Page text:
More to come..... tomorrow most likely. I've been a bit busy baking today.

November 19, 2007

There's No Place Like Home

Friday evening I finally returned home and Saturday morning I had recovered the rabbit and settled in for a bit of rest and the big game on the tube (OSU v Michigan of course). I've got to admit I was (and still am) exhausted. It wasn't until yesterday before I even tried to get my thoughts organized as to how to address the whole adventure. The only thing that makes sense to me is to break it all up into smaller more digestible pieces. There is a lot of ground to cover and a lot to organize and I even have a lot of pictures yet to take. But I need to get started at some point, so this is it.

The first thing I'm going to do is to get the initial batch of photos uploaded. A lot of them didn't turn out as well as I'd like so a good number of them just didn't make the final cut. I really wish I had more decent shots from the Chocolate Show, but things were getting too painful there for me to stick around. But I did manage to get some worthwhile pictures and have shuffled them off to Flickr and into a new set for the whole Concrete Jungle Chocolate Safari (I do like the whole safari thing I've been doing with Jungle Jim's so why no carry it over to NYC). I'll be adding comments as I go, but for now the least messy of my pictures are up for perusal. The actual show report will follow shortly and will likely be spread over a couple of nights followed by the SoHo report and the Midtown and Union Square trips. And somewhere along the line I need to do some sort of basic wrap-up report.

Anyway, I'm back and finally getting started on getting it all out of my head (and camera) and onto the blog.

Here is an experimental PictoBrowser for you to play with or you can go to the actual set right here.

December 23, 2005

Keystone Chocolate Village Revised

Last week I reported on the 10th annual Keystone Chocolate Village being on display at the Keystone resort in Keystone Colorado. I was disappointed when posting that there were no pictures to share. 2500 pounds of chocolate sounds great but it's a little difficult to get a good picture of just how much chocolate that really is. Two different mountain news sources have now released pictures of the village and, more importantly, the press center for Keystone has released video of the village. It really is amazing to look at. There is a chocolate train, chocolate gondolas, mountains - really impressive work. Chef Ned Archibald deserves a lot of credit for this impressive piece of chocolate art.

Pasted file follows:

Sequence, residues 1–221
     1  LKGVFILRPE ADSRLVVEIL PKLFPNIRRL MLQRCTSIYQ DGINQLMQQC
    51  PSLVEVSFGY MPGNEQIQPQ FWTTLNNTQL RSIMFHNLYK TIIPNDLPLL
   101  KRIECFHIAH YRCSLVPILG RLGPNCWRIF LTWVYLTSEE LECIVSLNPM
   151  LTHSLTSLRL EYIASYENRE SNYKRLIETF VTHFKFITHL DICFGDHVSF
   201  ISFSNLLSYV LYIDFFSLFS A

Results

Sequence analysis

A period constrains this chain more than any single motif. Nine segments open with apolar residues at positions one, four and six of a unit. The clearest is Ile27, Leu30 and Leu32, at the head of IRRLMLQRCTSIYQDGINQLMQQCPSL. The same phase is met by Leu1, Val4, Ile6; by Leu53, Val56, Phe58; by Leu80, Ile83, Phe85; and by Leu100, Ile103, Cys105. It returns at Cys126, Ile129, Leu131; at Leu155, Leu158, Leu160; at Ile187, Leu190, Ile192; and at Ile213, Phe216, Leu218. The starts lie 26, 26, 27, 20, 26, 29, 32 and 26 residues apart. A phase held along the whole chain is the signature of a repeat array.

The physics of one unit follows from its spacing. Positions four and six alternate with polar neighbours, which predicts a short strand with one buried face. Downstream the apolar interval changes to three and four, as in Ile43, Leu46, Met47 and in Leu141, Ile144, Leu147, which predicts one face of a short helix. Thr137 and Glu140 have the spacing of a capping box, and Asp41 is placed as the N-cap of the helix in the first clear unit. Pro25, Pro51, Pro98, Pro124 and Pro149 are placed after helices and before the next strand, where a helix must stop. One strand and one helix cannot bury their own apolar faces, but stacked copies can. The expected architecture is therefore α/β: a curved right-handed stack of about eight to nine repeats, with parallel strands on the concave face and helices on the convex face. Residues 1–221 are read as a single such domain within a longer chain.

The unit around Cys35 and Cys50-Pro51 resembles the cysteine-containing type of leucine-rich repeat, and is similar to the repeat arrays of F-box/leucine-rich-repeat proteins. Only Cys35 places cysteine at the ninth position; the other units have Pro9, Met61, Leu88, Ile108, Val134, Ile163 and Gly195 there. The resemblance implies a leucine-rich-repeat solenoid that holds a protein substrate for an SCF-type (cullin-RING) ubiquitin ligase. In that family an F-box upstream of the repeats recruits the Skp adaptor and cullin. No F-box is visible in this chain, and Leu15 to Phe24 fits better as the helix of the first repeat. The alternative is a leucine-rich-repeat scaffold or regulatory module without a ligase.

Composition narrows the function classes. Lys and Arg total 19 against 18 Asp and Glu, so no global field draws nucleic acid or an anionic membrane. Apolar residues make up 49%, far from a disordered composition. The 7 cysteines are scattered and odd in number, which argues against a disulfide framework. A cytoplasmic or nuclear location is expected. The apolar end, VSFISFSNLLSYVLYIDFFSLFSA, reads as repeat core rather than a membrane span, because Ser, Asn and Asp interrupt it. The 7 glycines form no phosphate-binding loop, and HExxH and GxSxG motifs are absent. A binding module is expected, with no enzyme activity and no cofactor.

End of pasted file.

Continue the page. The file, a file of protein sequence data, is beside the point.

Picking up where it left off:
One last thing: look carefully at the big white christmas tree in the first article and in the video. Remember what I said in my prior posting? It's white chocolate with blown sugar ornaments. And is it ever beautiful.

On the Snow Article with Photo

Summit Daily Article with Photo
Keystone News Release with Video Link

November 22, 2005

Fairmont San Francisco to Install Massive Gingerbread Village

News.jpgFirst let me say that I am aware that gingerbread is not chocolate. I'm posting about this because the gingerbread village they are building will be using 265 pounds of chocolate. So long as there is chocolate involved it's news to me. Plus, at 16 feet by 6 feet it's guaranteed to be an impressive sight. I can't wait to see the photos from this one. You can read the press release at the link below.
Link

November 19, 2005

Exhibit: The Amazing Chocolate Tree

chocolatetree.gifFranklin Park Conservatory, here in my hometown of Columbus, Ohio, has a new exhibition called "The Amazing Chocolate Tree" running now through February 20. The exhibit looks at the history, cultivation, and manufacture of chocolate and ends in what they describe as a "life-size chocolate factory" so you can roll up your sleeves and get your hands dirty. The exhibition sounds like a treat for kids of all ages and I'm going to see if I can't talk my family into going either Thanksgiving weekend or maybe Christmas weekend.

There is a nice write-up about the exhibit in one of our community papers at this location. The site for the exhibition is located here.

One last item of note: while there you should check out the Dale Chihuly Glass Exhibition which is permanently housed at the Conservatory. Chihuly is a wonderfully talented artist and it is a great chance to see some of his work and enjoy a little chocolate edutainment at the same time.